In a letter to Sister Mary Charlotte, Chris says “The freedom to do service for the poor has undoubtedly been one of the great gifts given me by our community. I’m sure it has kept me real.” Her years in New York were ones of contemplation and action – her work at Covenant House, at Caring Community, with Meals on Wheels, the Grey Nun Food Pantry, at Little Sisters of the Assumption Family Health Service put her in touch with the needy – needy in body and in spirit. Her joy-filled spirit – gleaned from her contemplation – reached out to their needs.

As if the time in the House of Prayer was not enough, she lived for a month each summer in a hermitage on the property of a group of sisters in Kentucky – Following a vacation with her niece Kathy and her husband, Paul, they would take her to the hermitage – and equip her with the supplies for the month.

Just a word about her family. She was devoted to them – her sister, Gloria, her brother, Deke, and her nieces and nephews. Paul and Kathy are here with us today – as are Molly, Amy and Jeff – the next generation – and Morgan – a great, great niece. You’ve heard me refer to Sister Christina Mary by many names – Teenie was her family name and later Tina in the congregation – but then Chris – can be confusing – all the same person. And her nieces and nephews refer to her as Aunt Teeny.

Physical energy caused her to retire from her work in New York and eventually leave the House of Prayer. She was pleased that the congregation asked her to take up residence in the Novitiate House where she lived with Eileen, our novice, Jan Kelly, and me – and later Betty Bagen and Sweetie Pie. She would take the township loop bus several times a week to visit our sisters at St. Joseph’s Manor. She loved to paint and spent many of her days in prayer, in reading and in painting. We would regularly receive a handmade birthday greeting – and one year, we found nestled in our Christmas tree, hand painted flowers of the Holy Land – her journey to the Holy Land was a highlight of her life.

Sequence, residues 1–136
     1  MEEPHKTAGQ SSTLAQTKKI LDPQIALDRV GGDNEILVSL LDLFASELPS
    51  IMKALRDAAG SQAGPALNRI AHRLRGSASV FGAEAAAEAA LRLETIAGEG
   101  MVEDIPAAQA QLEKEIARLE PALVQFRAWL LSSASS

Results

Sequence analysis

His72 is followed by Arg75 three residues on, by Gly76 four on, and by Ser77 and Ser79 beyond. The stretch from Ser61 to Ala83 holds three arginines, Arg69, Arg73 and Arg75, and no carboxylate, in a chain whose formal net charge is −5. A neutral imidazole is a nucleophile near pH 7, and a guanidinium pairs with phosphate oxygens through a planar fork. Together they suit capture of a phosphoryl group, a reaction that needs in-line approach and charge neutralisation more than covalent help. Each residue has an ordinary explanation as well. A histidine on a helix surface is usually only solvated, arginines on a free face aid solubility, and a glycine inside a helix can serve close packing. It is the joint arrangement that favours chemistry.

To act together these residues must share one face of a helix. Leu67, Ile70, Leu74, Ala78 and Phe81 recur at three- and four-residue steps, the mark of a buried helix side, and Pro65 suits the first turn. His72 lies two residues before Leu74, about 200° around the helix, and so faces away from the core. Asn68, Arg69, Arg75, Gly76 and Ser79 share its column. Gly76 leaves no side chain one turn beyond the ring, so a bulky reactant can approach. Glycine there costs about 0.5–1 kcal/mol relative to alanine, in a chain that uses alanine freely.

Just before her illness, we had a fire in the house – Chris was not at home at the time – but it originated in her room. She was distraught that she might have caused it and wanted to talk with the pastor and let him know how sorry she was. Fortunately, after her illness, she didn’t really remember that – and although the pastor did visit her in the hospital and later at St. Joseph’s Manor – it was not a topic of conversation.

We first got to know Kathy and Paul as they were constant companions at the hospital during Chris’ surgery and long recovery. And often visited during her years at St. Joseph’s Manor. Chris lived there for more than eight years. Sister Mary Kathleen notes, “One characteristic to be noted is her tremendous, grace-filled patience and acceptance during her long years of hospitalization and inability to walk. Given her Spanish, short-fused personality, it was absolutely remarkable and an obvious outcome of her deep faith. Such acceptance! Always that booming laugh. She has been a great example to us. So loving to the end.”

Her years at St. Joseph’s were not idle ones – she zoomed around on her wheeled vehicle – she who had never learned to drive – and visited many people. She was not very good at spatial concepts and how big the chair was – hence an accident or two!!

She kept vigil with many of our sisters and others when they were dying. Everyone knew her! And loved her!

Her entire life was a reaching in and a reaching out – Her deep contemplation led her to serve, always serve – if only making a meal or feeding the hungry.

Her friend, Mae, who had spent some years with her at the House of Prayer, came to visit when she was living with us. She was showing Mae around the Motherhouse and pointed to the big double doors and told Mae that you only go through those doors in a box.

Mary Christina deYcaza, Sister Christina Mary – in a very short time you will be going through those doors – but I’m sure that you have already gone through the double doors of heaven and are enjoying one of the many mansions prepared for you! And you will be reunited with your parents, your sister and brother, with Doris, with Eileen and with Aggie Allard, Sister Mary John, your college roommate whom you revered.

Thank you for the joy you have brought into our lives! We love you, we miss you! Rest in Peace, dear Teeny, Tina, Chris, Aunt Teeny!